Last week, significant construction began on the school’s library. The former quiet room and computer lab are being transformed into offices. With the expansion of the Mitchell Academy of Science and Technology (MAST) and its demand for more space, Jewish Studies offices will be moved into the library rooms. Having already lost study space and group workspaces in the past, the library’s change leaves students wondering whether the further decreased space will make the library’s atmosphere too chaotic. The obstreperousness that constantly fills the library requires continual “shushing” by the three librarians already, so this change to the setting is unsettling to both students and faculty.
Fortunately, a compromise has been reached between Mr. Gary Weisserman, Head of School, Dr. Kimberly Schwartz, Director of Curriculum and Instruction, Mr. Rios, Head of Maintenance, the architect designing the new library spaces, and the librarians.
Ms. Christina McClendon, school librarian, expressed that “student support throughout this [process] has been overwhelmingly [good].”
It was this high level of student enthusiasm that encouraged the compromise for the library to be initiated. According to the new settlement, the former quiet room will be replaced with offices, but two new quiet rooms—one larger, one smaller—will be built in the library during Winter Break.
Although the renovations take away significant workspace from the main library room, bookshelves have been removed to allow for three more tables, which will hopefully make up for the lost space.
Mr. David Kates, school librarian, said, “I appreciate the hard work of Mr. Rios, the project architect, Dr. Schwartz and others in creating spaces for quiet study and group work in the library.”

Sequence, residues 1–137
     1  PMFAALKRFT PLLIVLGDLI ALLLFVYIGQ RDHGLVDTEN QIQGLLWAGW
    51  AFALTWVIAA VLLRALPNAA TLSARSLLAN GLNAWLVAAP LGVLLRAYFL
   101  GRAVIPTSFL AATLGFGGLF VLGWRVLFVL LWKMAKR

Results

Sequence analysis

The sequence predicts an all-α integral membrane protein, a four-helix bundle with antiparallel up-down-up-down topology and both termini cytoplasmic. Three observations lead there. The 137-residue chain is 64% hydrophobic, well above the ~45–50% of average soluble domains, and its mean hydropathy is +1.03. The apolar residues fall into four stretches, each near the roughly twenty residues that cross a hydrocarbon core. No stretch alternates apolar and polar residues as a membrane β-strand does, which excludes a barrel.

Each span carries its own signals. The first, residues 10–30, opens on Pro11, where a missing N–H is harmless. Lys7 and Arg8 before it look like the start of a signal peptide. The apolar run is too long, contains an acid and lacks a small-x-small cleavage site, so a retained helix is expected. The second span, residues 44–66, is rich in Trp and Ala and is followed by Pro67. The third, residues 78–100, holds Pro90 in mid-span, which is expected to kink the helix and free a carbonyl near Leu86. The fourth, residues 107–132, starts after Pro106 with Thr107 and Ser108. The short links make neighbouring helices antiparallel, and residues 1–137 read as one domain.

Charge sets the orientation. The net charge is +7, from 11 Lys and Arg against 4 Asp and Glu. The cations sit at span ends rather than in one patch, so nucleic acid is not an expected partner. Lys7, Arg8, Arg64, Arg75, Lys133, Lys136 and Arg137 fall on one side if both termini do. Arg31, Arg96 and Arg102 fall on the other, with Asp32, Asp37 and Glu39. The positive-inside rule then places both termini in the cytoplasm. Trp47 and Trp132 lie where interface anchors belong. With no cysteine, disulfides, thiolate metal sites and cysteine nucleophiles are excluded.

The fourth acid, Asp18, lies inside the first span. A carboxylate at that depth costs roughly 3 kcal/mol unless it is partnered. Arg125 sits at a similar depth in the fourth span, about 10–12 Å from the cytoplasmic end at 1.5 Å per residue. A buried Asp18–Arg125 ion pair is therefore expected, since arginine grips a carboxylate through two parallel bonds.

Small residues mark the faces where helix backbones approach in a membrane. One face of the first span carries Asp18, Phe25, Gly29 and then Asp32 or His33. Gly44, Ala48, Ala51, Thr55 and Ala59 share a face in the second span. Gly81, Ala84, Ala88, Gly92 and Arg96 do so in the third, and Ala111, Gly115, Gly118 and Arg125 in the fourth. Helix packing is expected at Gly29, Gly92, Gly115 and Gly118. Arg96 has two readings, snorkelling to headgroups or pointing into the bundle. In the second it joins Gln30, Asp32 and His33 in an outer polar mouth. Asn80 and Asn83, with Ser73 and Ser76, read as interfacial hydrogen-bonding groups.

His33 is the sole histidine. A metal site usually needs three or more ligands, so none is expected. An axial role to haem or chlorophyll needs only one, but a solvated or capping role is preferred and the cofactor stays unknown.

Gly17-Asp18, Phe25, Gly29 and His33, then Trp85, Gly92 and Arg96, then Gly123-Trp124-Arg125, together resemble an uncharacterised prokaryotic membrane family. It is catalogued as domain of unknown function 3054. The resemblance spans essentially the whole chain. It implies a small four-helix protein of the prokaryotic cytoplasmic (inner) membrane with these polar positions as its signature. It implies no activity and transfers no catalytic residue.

However, the question remains: why were students and faculty not involved in the conversation about the library remodeling decision?
Mr. Gary Shapiro, a Jewish studies teacher who can frequently be found working in the library, reacted to the news congruently with other faculty and students. Shapiro noted, “I was concerned about the process of how it was done. I always want as many people to be included in the discussion as possible, especially those most directly affected.”
Shapiro was optimistic after hearing the news of the compromise. However, the skepticism that many people at Milken feel concerns how the library will continue to function if the space continues to be extracted from.
Shapiro added, “My basic feeling is that the way the library is now, it needs more space, not less space. Even if they maintain the status quo, it’s not moving in that necessary direction of getting more space.”
Weisserman was unable to meet regarding the decision.
The new compromise has slightly allayed the students’ stress and anxiety. With two new quiet rooms and classes that took place in the computer lab successfully moving to other classrooms, the only way to tell if the construction is worthwhile is to keep an open mind and witness the modifications first-hand.